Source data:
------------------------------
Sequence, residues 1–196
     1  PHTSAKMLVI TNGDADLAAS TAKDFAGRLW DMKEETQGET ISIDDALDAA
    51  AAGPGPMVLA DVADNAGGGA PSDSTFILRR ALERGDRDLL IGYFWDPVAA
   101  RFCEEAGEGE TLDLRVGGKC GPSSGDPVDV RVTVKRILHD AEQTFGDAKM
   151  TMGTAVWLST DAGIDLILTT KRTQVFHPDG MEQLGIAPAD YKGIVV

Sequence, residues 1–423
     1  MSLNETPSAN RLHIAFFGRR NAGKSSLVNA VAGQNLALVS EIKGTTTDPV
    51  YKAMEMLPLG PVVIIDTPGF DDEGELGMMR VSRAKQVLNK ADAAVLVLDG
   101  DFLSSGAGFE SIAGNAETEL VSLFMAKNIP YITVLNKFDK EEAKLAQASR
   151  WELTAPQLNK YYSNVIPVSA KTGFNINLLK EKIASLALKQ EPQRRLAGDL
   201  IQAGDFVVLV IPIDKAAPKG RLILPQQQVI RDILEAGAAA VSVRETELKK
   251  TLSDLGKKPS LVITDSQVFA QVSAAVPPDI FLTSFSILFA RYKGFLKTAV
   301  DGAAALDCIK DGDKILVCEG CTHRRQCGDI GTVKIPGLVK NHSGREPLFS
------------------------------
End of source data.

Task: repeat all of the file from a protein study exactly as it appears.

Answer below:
Sequence, residues 1–196
     1  PHTSAKMLVI TNGDADLAAS TAKDFAGRLW DMKEETQGET ISIDDALDAA
    51  AAGPGPMVLA DVADNAGGGA PSDSTFILRR ALERGDRDLL IGYFWDPVAA
   101  RFCEEAGEGE TLDLRVGGKC GPSSGDPVDV RVTVKRILHD AEQTFGDAKM
   151  TMGTAVWLST DAGIDLILTT KRTQVFHPDG MEQLGIAPAD YKGIVV

Sequence, residues 1–423
     1  MSLNETPSAN RLHIAFFGRR NAGKSSLVNA VAGQNLALVS EIKGTTTDPV
    51  YKAMEMLPLG PVVIIDTPGF DDEGELGMMR VSRAKQVLNK ADAAVLVLDG
   101  DFLSSGAGFE SIAGNAETEL VSLFMAKNIP YITVLNKFDK EEAKLAQASR
   151  WELTAPQLNK YYSNVIPVSA KTGFNINLLK EKIASLALKQ EPQRRLAGDL
   201  IQAGDFVVLV IPIDKAAPKG RLILPQQQVI RDILEAGAAA VSVRETELKK
   251  TLSDLGKKPS LVITDSQVFA QVSAAVPPDI FLTSFSILFA RYKGFLKTAV
   301  DGAAALDCIK DGDKILVCEG CTHRRQCGDI GTVKIPGLVK NHSGREPLFS